Fire and Flood Hazard Mitigation

Project Summary

The number of forest fires has increased dramatically over the past five years in western areas of the United States, due to both human and natural causes. Urban areas, such as the city of Phoenix, continue to increase in size and population, with a majority of the development occurring in rural areas that have burned, or are threatened by brush fires. As people move into these environments there is an increased risk of damage to human property and lives due to fires. These areas have experienced a number of recent brush fires that have been expensive to fight, and caused a considerable amount of property damage. The ability to predict and control fires is thus increasingly important as urban centers encroach upon rural lands. Remote sensing can be utilized to characterize fire scarred areas, and predict areas that have an increased risk for burning again in the future.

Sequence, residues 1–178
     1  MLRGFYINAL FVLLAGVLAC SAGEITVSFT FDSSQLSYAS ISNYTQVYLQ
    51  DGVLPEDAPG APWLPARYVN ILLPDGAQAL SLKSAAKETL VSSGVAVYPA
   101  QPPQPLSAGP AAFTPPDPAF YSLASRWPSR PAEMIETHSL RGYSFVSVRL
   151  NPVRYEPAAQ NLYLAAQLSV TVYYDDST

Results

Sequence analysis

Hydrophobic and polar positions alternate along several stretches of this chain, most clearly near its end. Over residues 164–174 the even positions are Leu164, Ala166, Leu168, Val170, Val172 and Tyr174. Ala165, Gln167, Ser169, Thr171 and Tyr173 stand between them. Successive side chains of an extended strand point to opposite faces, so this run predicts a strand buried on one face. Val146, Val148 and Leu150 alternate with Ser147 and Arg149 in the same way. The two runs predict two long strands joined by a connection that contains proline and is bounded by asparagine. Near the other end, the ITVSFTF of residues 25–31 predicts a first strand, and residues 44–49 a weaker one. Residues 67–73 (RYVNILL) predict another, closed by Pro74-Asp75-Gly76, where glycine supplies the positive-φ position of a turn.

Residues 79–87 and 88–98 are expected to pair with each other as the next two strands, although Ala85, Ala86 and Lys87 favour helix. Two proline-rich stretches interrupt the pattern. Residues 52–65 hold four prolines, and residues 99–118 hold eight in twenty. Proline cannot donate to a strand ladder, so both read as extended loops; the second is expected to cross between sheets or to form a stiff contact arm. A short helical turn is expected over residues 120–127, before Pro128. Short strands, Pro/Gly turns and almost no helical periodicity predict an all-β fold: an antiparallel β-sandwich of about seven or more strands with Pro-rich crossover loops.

ASTER, Landsat ETM, TIMS, and SIR-C remote sensing data have been combined with GIS to characterize fire scars in the semi-arid urban area outside of Phoenix, Arizona. This data was used to quantify the relationship of fire scar age to vegetative recovery, and to determine the control of local topography on fire behavior.

Detailed topographic surveys, combined with sediment trap data, were used to examine differences in erosion between burned and unburned catchments. These results have implications for potential flooding risks due to removal of vegetative cover by fires. By combining remote sensing data with a GIS database, and through comparison with geomorphic/sedimentological investigations, this work may permit city officials and urban planners to better calculate potential risks for both future fire and flood hazards within the region.



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Page last updated:
Wednesday, 28-May-2003 17:03